Results from comparable surveys conducted in Thailand and Japan include some findings that appear similar to those from our sample of US hospitals.9 ,49 In particular, reported use of catheter reminders or stop orders and bladder ultrasound scans to prevent CAUTI is relatively low, as compared with the use of maximum sterile barrier precautions to prevent CLABSI and semirecumbent positioning to prevent VAP, which are both used by at least 60% of hospitals in Thailand and Japan. On the other hand, reported use of chlorhexidine for insertion site antisepsis and antimicrobial dressings to prevent CLABSI as well as the use of antimicrobial mouth rinse and subglottic secretion drainage to prevent VAP appear to be substantially lower among hospitals in Thailand and Japan compared with our US sample. However, given the survey in Thailand was conducted in 2010 and the survey in Japan in 2012, and reflect only a single point in time, whether some of the difference is temporal in nature and the extent to which the use of such practices might be changing over time in these other countries is unknown. Ongoing work as part of the PROHIBIT study6 also includes data from a survey of hospitals throughout Europe but the results have not yet been published.
Our findings should be interpreted in the context of some possible limitations. First, non-response bias is a potential issue but given a nearly 70% response in all study years we believe these results accurately represent the use of infection prevention practices by US non-federal hospitals with 50 or more beds and an ICU in 2005, 2009 and 2013. However, we also recognise that the original sample as selected for the 2005 survey may no longer be as representative of the current distribution of US non-federal hospitals and that the sample selection and the sample weights may also require updating should this type of survey be repeated. Second, reported practice use is based on the response of one individual respondent from each hospital, generally the lead infection preventionist. This too could be a source of response bias. However, while the infection preventionist may not be intimately familiar with some of the more detailed aspects of practice implementation in a given unit, it is our experience through extensive qualitative studies36 ,37 that they are sufficiently aware of what types of approaches to prevent infection are being used in their hospital. Lastly, we do not have data on actual infection rates. Nonetheless, the practices included in the survey are practices that have been shown through research to reduce infections and are generally included in published guidelines or recommendations from the CDC and other professional associations. Moreover, we have previously shown how our findings correspond with national data on infection rates.41
US hospitals appear to be responding to the call to reduce infection by increasing their use of key recommended practices with nearly universal adoption of maximum barrier precautions, chlorhexidine site disinfectant and semirecumbent positioning. This increased use of prevention practices is likely a key reason for declining rates for some device-associated infections, such as CLABSI. While work to more fully understand hospital and external factors that facilitate effective implementation of key infection prevention practices is necessary to inform ongoing improvement efforts, persistent vigilance is also needed to ensure sustained improvement and additional strategies may be required, given an apparent lag in CAUTI prevention efforts.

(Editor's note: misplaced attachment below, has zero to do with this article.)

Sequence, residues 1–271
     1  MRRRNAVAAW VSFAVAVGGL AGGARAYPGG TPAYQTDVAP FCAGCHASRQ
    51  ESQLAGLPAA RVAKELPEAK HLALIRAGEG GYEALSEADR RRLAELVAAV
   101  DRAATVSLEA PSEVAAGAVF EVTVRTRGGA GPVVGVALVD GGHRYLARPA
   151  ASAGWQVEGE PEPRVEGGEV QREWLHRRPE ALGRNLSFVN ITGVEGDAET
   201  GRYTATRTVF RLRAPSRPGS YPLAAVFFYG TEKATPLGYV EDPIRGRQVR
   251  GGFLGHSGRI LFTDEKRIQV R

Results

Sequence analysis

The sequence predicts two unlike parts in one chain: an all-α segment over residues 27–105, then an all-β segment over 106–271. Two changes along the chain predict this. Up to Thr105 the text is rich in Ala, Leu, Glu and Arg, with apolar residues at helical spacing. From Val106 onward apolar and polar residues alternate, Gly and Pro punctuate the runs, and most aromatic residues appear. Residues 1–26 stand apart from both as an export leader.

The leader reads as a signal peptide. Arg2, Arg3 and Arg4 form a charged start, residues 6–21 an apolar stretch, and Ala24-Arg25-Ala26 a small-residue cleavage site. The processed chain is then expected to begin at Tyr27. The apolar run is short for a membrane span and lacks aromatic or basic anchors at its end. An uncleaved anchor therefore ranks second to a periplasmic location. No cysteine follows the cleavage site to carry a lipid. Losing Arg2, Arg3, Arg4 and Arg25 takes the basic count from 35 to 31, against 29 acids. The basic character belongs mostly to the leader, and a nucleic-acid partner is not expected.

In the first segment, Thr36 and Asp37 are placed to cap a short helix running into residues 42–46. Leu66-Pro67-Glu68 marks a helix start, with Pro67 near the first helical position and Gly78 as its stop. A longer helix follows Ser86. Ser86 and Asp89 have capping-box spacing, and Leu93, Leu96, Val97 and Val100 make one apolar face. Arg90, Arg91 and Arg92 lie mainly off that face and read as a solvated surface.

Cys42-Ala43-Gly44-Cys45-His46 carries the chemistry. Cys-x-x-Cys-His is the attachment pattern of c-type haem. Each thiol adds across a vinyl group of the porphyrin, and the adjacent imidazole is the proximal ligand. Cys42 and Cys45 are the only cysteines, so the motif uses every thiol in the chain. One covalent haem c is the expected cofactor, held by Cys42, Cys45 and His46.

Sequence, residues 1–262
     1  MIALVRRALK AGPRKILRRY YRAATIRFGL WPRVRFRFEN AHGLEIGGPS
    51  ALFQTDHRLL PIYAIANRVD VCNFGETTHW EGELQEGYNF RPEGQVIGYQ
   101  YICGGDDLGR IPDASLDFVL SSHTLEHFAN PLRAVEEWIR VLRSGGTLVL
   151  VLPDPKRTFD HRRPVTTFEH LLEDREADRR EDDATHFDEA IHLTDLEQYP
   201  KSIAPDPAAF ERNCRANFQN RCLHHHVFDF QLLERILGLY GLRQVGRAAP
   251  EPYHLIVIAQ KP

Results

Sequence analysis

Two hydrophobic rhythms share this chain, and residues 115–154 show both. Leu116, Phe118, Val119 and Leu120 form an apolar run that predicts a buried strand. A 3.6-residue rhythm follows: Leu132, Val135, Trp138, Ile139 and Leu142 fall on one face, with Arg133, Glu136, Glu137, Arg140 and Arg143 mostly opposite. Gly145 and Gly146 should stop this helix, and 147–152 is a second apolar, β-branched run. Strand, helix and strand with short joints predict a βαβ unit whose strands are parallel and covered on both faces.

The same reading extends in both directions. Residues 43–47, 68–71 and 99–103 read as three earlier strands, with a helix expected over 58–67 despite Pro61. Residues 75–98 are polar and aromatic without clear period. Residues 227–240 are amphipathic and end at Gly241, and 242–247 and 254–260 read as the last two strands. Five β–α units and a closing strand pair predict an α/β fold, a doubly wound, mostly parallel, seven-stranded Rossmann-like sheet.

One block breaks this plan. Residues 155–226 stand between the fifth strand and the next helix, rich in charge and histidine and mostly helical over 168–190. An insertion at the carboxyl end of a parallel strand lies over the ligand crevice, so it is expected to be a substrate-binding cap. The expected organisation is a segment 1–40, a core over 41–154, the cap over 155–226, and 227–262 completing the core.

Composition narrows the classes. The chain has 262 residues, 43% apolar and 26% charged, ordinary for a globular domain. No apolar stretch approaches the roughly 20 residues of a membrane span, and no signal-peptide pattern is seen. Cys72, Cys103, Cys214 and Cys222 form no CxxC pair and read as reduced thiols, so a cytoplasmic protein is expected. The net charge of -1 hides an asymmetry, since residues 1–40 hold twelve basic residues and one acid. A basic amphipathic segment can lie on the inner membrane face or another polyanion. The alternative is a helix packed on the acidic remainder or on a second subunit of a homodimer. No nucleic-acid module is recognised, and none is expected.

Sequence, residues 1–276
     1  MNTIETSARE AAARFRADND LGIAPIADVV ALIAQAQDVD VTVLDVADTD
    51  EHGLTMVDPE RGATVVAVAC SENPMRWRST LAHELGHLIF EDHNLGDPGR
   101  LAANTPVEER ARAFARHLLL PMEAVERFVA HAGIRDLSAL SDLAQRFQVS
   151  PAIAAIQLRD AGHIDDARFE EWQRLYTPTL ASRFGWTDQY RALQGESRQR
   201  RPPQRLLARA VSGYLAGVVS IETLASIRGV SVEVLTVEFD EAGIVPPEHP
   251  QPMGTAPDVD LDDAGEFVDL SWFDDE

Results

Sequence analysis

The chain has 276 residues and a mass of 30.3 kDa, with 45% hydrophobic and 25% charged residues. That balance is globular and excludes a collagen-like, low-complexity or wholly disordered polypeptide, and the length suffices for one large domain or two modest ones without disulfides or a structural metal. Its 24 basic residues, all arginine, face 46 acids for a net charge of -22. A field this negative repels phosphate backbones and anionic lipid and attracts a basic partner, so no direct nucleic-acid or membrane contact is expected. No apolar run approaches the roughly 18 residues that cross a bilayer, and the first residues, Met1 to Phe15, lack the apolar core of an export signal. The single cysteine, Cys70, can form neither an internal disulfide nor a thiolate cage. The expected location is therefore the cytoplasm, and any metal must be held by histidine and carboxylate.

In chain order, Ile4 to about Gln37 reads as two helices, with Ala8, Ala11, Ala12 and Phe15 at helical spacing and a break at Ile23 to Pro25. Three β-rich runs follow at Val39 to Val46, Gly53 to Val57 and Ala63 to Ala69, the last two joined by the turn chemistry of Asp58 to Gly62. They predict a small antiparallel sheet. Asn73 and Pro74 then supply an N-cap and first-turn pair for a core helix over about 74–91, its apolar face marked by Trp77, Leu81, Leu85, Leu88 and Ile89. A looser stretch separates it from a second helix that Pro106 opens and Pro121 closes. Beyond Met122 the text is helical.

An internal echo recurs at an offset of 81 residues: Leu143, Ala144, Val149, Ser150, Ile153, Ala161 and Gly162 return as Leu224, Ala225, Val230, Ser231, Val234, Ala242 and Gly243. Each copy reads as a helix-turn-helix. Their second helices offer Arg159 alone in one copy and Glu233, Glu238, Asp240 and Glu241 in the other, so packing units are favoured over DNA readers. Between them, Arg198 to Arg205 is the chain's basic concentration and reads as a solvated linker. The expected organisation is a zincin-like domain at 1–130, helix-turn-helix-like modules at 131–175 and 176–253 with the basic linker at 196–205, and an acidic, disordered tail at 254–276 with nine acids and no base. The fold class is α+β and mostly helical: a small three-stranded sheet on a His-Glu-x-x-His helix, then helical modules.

The authors thank Andrew Hickner for his assistance with conducting the survey mailing, and Jason Mann for his help with manuscript preparation.
This web only file has been produced by the BMJ Publishing Group from an electronic file supplied by the author(s) and has not been edited for content.
Files in this Data Supplement:
- Data supplement 1 - Online supplement
Contributors SLK had full access to all the data in the study and takes responsibility for the integrity of the data and the accuracy of the data analysis. Study concept and design: SLK and SS. Acquisition of Data: SLK, SS and KEF. Analysis and interpretation of data: SLK, SS, DR and JM. Critical revision of the manuscript for important intellectual content: SLK, SS, KEF and JM. Statistical analysis: DR. Administrative, technical or material support: KEF. Study supervision: SLK and SS.
Funding This project was supported by the Blue Cross Blue Shield of Michigan Foundation grant 1907.II and the US Department of Veterans Affairs (VA), including a VA National Center for Patient Safety funded Patient Safety Center of Inquiry. The views expressed in this article are those of the authors and do not necessarily reflect the position or policy of the Department of Veterans Affairs.
Competing interests None declared.
Ethics approval University of Michigan IRB and VA Ann Arbor Healthcare System Human Studies subcommittee.
Provenance and peer review Not commissioned; externally peer reviewed.